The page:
Award-winning project ‘earthcasts’ veterans’ legacy
- Written by CP Staff
The Architectural Precast Association has announced winners of its 2013 Design & Manufacturing Excellence competition, recognizing examples of outstanding member works. The competition was expanded in 2009 to include nine unique entry categories ensuring each entry, whether large or small, is judged solely on the design and manufacturing merits of the respective category. Under the new program, 15 projects shared top honors this year, including the Garner Veterans Memorial (Garner, N.C.), a Lucas Concrete Products project that won in the Trim/Landscape category.
The project was designed by Clearscapes, an architectural design firm in Raleigh, N.C., to honor Garner area veterans since the country’s beginning in 1776. Each of the 37 concrete wall panels was individually molded and poured utilizing an “earthcasting” technique that was tested and developed by Clearscapes. Working with Lucas Concrete Products, Inc. (Charlotte, N.C.), the architectural team tamped about 40,000 lb. of local clay, broke the compacted clay into clods, and packed it into molds to create the texture of broken ground. The concrete was then pigmented with iron oxide to match the local clay soil. In contrast, the concrete benches and paving were acid-etched to impart a smooth, non-directional surface. The honed Mt. Airy granite wall panels and the engraved brick pavers were also chosen as North Carolina materials.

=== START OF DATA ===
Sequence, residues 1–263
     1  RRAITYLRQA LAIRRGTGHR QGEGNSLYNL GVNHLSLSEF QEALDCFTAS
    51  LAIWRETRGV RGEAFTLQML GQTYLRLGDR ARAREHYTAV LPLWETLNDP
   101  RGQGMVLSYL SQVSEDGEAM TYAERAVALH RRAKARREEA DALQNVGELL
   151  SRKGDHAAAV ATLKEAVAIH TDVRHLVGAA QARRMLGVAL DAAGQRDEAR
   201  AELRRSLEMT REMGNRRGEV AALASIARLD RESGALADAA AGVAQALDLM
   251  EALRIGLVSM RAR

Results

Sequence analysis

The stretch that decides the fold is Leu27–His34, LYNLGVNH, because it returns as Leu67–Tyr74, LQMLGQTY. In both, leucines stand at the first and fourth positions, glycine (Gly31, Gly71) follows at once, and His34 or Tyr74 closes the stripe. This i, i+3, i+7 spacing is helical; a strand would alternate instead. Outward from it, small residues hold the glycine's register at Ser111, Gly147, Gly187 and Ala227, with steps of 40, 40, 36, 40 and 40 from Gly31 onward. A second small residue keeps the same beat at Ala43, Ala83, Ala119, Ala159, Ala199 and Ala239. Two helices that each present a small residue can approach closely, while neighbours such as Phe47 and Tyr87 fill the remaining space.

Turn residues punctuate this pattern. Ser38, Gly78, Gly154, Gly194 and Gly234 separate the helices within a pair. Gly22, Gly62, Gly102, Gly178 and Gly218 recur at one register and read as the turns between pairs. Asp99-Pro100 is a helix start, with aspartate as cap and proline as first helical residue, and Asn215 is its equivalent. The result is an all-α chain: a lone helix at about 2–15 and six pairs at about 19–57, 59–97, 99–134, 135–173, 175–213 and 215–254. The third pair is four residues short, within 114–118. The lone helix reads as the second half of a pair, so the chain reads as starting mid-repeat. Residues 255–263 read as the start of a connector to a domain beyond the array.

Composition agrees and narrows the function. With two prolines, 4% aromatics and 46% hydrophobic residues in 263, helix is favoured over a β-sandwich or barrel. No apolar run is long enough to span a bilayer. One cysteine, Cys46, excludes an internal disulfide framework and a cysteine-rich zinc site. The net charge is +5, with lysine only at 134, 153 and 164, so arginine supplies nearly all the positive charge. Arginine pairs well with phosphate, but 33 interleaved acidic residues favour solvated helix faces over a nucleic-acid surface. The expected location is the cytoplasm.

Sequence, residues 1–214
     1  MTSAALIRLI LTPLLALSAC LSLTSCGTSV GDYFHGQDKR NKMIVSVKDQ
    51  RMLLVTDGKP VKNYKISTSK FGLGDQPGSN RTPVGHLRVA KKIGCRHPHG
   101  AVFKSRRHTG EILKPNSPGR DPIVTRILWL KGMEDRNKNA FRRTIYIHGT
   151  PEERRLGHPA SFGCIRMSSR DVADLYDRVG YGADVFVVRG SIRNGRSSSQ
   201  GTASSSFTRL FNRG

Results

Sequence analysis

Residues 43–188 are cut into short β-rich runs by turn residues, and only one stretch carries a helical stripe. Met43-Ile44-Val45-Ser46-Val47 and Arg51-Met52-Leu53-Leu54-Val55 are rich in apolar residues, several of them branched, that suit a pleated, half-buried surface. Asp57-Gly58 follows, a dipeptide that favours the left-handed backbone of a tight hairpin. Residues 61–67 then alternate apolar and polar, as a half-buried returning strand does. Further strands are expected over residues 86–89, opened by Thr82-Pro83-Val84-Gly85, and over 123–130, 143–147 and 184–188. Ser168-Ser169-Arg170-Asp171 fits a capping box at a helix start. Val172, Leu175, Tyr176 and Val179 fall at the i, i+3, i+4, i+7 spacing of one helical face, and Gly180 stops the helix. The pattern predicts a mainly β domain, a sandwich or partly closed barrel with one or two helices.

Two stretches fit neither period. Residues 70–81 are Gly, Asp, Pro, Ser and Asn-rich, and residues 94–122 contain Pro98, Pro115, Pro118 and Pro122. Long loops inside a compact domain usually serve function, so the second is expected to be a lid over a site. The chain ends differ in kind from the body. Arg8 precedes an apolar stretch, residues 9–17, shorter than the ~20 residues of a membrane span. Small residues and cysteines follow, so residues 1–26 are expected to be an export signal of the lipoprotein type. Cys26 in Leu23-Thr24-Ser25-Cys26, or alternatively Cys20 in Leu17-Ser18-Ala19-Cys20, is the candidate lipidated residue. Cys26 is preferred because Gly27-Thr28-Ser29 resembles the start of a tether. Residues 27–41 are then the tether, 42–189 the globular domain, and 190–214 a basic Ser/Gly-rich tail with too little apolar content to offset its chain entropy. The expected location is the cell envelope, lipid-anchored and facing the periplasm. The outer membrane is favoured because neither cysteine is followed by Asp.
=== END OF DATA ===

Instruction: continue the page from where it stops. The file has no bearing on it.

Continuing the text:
The Design & Manufacturing Excellence judges noted: “This really ‘wowed’ us. Layer of texture protects the smooth inner panels. Precast concrete panels designed to simulate the area’s indigenous red clay is highly imaginative. Reflection and awareness of past is greatly stimulated with this architecture.”
The memorial stands in proud formation within Lake Benson Park’s serene setting. Two walls composed of individual panels undulate across the landscape beneath the United States and North Carolina flags. Light gray panels commemorating North Carolina’s contributions to various U.S. conflicts—one for each decade—are attached to the supporting clay wall panels. Once inside the memorial and screened from the public path, a second smaller-scaled series of walls is encountered. On their honed surfaces are the names of 67 Garner-area veterans who have died in combat. Looking east through the memorial, notes the design firm, a final pair of walls frames the view of a solitary oak—a living symbol of the future’s potential.